But this leads us to a larger view of the subject. Is this title as given to Mary more wonderful than the doctrine that God, without ceasing to be God, should become man? Is it more mysterious that Mary should be Mother of God, than that God should be man? Yet the latter, as I have said, is the elementary truth of revelation, witnessed by Prophets, Evangelists, and Apostles all through Scripture. And what can be more consoling and joyful than the wonderful promises which follow from this truth, that Mary is the Mother of God?—the great wonder, namely, that we become the brethren of our God; that, if we live well, and die in the grace of God, we shall all of us hereafter be taken up by our Incarnate God to that place where angels dwell; that our bodies shall be raised from the dust, and be taken to Heaven; that we shall be really united to God; that we shall be partakers of the Divine nature; that each of us, soul and body, shall be plunged into the abyss of glory which surrounds the Almighty; that we shall see Him, and share His blessedness, according to the text, “Whosoever shall do the will of My Father that is in Heaven, the same is My brother, and sister, and mother.”

Meditations and Devotions,  see www.newmanreader.org

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The world which sees only appearances cannot comprehend the hidden reality of a heart captive to Christ.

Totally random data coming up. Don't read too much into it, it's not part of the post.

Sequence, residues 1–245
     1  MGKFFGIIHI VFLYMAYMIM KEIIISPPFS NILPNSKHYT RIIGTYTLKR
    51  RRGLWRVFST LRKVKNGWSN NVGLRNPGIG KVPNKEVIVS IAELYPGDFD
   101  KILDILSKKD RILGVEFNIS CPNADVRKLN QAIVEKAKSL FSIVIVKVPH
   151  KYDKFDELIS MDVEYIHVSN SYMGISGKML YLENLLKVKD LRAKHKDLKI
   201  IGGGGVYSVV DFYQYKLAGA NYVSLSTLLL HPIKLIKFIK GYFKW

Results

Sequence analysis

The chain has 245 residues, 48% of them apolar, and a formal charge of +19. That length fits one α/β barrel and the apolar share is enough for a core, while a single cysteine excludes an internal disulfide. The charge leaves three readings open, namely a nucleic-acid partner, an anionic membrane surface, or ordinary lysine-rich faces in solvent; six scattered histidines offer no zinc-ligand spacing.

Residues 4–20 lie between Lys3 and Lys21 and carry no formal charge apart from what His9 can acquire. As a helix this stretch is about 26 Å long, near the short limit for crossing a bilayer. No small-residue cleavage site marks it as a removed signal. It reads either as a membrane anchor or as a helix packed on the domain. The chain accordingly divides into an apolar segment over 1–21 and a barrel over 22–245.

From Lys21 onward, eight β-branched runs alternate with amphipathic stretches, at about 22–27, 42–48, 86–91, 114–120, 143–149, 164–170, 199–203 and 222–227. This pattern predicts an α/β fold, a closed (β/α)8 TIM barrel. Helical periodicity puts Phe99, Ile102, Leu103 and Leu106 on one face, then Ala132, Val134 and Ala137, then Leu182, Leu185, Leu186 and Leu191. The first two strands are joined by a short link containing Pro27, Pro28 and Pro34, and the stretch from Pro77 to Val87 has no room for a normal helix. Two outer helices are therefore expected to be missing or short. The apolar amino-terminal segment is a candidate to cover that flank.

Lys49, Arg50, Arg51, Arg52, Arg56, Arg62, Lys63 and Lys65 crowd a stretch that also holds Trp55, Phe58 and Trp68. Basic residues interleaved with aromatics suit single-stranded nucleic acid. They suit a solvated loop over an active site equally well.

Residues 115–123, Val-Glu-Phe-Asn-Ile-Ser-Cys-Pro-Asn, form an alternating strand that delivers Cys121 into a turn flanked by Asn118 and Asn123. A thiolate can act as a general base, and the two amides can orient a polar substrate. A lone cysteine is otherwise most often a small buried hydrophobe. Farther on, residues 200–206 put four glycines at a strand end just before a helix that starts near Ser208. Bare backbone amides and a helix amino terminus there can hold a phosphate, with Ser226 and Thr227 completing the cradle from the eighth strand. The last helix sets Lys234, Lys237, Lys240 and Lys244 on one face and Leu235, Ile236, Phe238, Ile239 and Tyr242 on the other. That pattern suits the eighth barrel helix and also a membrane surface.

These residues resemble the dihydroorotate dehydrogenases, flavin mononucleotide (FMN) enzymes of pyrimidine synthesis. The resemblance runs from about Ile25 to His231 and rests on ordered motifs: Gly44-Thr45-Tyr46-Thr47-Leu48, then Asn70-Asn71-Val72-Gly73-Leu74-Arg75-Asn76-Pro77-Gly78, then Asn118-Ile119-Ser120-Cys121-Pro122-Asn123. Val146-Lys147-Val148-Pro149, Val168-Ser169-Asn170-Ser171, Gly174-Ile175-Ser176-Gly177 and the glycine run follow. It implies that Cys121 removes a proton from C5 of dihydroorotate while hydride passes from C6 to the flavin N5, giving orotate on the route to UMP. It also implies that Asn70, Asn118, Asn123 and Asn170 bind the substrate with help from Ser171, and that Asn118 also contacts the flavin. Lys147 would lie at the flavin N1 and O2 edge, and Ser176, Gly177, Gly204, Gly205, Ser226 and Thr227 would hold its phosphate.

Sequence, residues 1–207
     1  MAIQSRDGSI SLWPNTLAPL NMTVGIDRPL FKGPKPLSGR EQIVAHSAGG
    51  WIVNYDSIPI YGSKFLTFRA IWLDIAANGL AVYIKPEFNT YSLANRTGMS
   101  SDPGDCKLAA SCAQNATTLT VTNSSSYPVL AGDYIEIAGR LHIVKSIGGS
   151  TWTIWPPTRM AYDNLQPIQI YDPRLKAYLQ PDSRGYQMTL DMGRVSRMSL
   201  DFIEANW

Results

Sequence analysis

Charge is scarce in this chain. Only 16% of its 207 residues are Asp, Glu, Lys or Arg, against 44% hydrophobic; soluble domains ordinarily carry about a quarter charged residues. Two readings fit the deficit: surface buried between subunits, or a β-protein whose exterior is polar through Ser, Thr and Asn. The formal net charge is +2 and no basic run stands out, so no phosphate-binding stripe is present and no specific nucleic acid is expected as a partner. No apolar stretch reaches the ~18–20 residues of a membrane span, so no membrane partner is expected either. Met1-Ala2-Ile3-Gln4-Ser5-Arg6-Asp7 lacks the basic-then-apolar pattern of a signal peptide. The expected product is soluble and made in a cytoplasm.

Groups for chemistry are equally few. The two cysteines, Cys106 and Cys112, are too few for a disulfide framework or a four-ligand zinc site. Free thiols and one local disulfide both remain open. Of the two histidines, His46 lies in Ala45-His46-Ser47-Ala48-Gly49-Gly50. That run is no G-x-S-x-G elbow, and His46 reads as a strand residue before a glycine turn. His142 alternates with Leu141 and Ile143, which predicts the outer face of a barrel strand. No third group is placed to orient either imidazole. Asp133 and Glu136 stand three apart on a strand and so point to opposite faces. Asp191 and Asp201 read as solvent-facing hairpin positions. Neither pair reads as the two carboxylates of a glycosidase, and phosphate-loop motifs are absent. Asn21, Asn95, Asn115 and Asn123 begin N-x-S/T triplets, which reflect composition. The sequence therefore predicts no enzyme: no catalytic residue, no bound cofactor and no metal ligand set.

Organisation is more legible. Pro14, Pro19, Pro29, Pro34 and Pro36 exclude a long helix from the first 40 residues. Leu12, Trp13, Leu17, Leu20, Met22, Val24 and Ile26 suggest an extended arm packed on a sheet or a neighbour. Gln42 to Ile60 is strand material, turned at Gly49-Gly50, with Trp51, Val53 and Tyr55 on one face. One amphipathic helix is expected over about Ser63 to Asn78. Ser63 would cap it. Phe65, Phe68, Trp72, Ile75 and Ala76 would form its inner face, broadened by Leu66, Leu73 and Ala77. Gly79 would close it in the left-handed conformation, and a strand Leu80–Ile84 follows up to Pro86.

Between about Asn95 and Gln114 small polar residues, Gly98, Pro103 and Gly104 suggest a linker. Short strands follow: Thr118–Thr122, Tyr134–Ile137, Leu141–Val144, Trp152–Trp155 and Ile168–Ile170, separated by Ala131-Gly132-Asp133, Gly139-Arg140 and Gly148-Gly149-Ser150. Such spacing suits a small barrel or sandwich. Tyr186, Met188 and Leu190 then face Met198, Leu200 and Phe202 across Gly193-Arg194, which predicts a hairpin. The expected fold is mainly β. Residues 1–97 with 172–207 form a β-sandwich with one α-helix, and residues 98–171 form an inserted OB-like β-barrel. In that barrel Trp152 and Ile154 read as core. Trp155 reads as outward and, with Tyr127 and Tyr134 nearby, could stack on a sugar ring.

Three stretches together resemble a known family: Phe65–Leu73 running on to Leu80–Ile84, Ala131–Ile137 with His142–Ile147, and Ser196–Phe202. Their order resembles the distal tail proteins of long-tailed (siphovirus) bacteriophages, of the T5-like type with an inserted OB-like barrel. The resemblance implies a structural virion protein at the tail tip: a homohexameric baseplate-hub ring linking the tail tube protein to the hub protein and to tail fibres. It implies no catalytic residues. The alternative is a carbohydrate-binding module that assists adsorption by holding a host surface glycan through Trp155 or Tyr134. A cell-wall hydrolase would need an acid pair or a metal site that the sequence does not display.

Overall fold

With this indwelling of the Holy Spirit, we have the indwelling of Christ in our souls. Christ is born in us. The Holy Spirit makes us children of God, crying out Abba Father, and restores in us the likeness of Christ.

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A Guide to John Henry Newman will interest educated readers and professors alike, and serve as a text for college seminars for the purpose of studying Newman.

Review by Catherine Maybanks
(Catholic Herald, April 1, 2023)

Review by Serenheed James
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Fr Peter Conley takes us on an exciting journey into the spirituality and inner life of Saint John Henry Newman.
 

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Endorsement by Neyra Blanco (Amazon)
I bought this book for my son and he loved it, he wrote this review and urged my to submitted: “I think this book has a very beautiful message, because it shows how the young Newman was so determined to achieve his dream of becoming a priest, but even after his dream he continued to work in the church with passion until the day he died, it’s so admirable that even Newman so old and so weak still had that urge to continued his work of being a priest. And the book is well written with words not too complicated with very enjoyable texts and well illustrated pictures. I highly recommend this book for a 5th grader.